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The police are to be congratulated on having obtained a verdict in the sly-grog Belling case yesterday. It is a difficult matter to get at the unlicensed dispenser of alcohol, since the police are debarred by their instructions from taking any active part in procuring evidence to get a conviction, and no respectable man will visit or countenance such illegal business. It therefore becomes necessary, where a conviction is needed, for the police to descend to the employment of a professional informer. The individual who appeared in the role of “public prosecutor” • yesterday, was one of more than ordinarily despicable character. He appeared to imagine himself a benefactor to his species, au£ was evidently not particularly j

truthful in his statements!, for he swore in his evidence that he had been employed by the publicans of the town to on leaver to obtain "a conviction. We tod: the trouble to enquire if such was the ease, the statement was denied by the licensed victuallers. We regret that no better method of bringing offenders i against, the licensing lives to justice tu- j their crimes is practicable. Wo call their a crime, because it is a well known fact that a deal of this illicit traffic is carried on in this district, and as a rule the most vill vinous compounds in the shape of chink arc sold. Only this week the police were successful in unearthing a private still, which was probably intended to supply fusel oil to the Mount Somers people, to assist them more rapidly to their death. It is hard to say how the law can be upVheld, and the sly grog dealers brought to justice by satisfactory and reliable evidence. Some years ago it was looked upion as the duty of the p)o!ice force, at any rats such was the case on the West Coast, where shanties wore numerous, and it was customary to get a strange policeman every few months to drop) on the offenders. It was found that this system was very effective. Judge Richmond, however, in one ■)f his charges to the jury, condemned the practice in very strong terms, and said that the piolice force was not established to do informers’ work, and that it was a degradation to that body to have such dirty work indicted on them. Since then the illegal sale of stimulants has increased to an alarming extent in many parts of the colony, and no better remedy hasbeon adopvted than the occasional employment of loafers who are willing for a consideration to become amateur detectives. Something should be done in a matter of such grave importance to a district which supports so large a floating population as Ashburton does, and who arc liable to take their lodgings in one of these dens of infamy. Public feeling execrates the avocation of an informer ox the “ Thomas ’ description ; but the calling of the regular detective is just as necessary as is that of the pioliceman, and both are res’peotablc enough, and wo can see no reason in the world, if the licensing laws arc to bo enforced, why detectives should nai bo cmploved to bring pmnishment homo to the breakers of them. With the number of licensed houses all over the colony there is no excuse whatever for men being guilty of ‘‘ shebeening. ” The existence of shebeens is a disgrace to any community, and a gross unfairness to men who carry on a legitimate trade in liquor, licensed, by law, and open to the surveillance of the piolice.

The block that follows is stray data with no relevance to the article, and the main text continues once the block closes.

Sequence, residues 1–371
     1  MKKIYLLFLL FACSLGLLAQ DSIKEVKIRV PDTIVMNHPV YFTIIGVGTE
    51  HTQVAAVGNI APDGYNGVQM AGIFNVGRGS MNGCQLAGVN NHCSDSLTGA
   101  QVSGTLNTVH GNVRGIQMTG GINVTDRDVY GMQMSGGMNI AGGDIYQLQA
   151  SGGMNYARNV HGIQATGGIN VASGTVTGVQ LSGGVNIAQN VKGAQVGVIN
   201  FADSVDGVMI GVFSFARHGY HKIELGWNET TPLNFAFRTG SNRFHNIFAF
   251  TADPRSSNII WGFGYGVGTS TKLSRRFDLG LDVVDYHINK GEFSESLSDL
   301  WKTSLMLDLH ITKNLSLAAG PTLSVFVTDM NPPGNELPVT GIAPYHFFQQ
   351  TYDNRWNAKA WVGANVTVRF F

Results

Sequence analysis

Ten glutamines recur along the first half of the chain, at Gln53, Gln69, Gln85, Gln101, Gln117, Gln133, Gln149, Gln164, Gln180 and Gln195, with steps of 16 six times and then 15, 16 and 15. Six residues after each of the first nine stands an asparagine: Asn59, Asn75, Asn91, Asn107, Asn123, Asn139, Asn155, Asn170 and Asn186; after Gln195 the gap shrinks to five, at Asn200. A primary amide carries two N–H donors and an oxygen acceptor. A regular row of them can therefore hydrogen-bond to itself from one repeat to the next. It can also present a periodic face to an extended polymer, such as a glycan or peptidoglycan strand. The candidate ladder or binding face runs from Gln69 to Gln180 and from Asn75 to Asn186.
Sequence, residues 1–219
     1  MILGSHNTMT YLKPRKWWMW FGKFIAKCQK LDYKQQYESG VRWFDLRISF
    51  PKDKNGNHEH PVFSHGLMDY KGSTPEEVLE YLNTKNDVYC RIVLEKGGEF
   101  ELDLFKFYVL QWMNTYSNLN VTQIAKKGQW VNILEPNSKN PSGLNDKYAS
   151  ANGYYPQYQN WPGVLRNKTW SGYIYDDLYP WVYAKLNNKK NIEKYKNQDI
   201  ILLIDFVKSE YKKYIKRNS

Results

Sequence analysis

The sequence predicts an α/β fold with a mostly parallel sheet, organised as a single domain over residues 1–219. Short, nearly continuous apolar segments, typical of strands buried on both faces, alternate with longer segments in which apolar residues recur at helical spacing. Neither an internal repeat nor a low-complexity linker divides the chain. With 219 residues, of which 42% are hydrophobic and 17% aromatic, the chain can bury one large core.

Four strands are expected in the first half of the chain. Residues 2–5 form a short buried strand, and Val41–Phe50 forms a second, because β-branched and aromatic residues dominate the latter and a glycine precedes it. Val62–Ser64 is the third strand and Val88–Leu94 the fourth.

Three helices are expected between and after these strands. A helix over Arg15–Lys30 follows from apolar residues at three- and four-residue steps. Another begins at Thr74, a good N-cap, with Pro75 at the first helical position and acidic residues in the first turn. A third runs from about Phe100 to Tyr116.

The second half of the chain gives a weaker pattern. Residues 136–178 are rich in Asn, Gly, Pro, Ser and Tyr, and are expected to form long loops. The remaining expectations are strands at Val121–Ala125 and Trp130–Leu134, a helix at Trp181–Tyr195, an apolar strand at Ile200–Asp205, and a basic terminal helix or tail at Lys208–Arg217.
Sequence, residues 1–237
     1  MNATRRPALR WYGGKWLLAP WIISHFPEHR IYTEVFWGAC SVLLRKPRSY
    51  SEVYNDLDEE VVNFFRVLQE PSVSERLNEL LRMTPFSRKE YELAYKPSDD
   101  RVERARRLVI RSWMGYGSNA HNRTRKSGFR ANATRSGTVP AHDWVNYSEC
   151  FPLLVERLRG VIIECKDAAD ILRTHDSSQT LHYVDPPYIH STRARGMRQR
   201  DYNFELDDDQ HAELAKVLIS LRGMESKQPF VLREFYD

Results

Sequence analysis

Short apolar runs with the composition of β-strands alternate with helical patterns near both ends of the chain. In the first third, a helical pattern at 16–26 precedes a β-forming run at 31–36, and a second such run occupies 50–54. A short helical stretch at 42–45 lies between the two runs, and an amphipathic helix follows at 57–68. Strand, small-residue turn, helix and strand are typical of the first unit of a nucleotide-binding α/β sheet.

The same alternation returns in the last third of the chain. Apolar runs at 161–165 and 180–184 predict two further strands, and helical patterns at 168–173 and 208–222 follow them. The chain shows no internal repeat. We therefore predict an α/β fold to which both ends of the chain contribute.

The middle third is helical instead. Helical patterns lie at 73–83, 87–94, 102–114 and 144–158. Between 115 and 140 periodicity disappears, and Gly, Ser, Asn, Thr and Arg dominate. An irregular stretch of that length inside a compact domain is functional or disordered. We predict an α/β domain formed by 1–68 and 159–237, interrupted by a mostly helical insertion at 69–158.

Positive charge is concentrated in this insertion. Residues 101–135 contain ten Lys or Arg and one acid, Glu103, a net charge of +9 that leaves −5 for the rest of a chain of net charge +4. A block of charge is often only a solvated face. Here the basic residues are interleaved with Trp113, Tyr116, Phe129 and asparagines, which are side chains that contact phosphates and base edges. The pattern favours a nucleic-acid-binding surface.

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Bibliographic details

The Ashburton Guardian, COUNTY AGRICULTURAL & SPORTING RECORDER SATURDAY, FEBRUARY 7, 1880., Ashburton Guardian, Volume 1, Issue 58, 7 February 1880

Word Count

The Ashburton Guardian, COUNTY AGRICULTURAL & SPORTING RECORDER SATURDAY, FEBRUARY 7, 1880. Ashburton Guardian, Volume 1, Issue 58, 7 February 1880

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